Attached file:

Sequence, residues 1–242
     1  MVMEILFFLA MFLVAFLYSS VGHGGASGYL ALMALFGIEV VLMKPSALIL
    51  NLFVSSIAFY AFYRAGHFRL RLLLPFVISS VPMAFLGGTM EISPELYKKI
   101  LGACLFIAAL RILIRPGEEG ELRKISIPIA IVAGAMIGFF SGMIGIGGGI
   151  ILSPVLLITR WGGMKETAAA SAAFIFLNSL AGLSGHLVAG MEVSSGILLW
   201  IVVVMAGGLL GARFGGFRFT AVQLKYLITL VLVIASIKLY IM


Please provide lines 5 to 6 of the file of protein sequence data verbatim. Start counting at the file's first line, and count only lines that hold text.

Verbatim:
   151  ILSPVLLITR WGGMKETAAA SAAFIFLNSL AGLSGHLVAG MEVSSGILLW
   201  IVVVMAGGLL GARFGGFRFT AVQLKYLITL VLVIASIKLY IM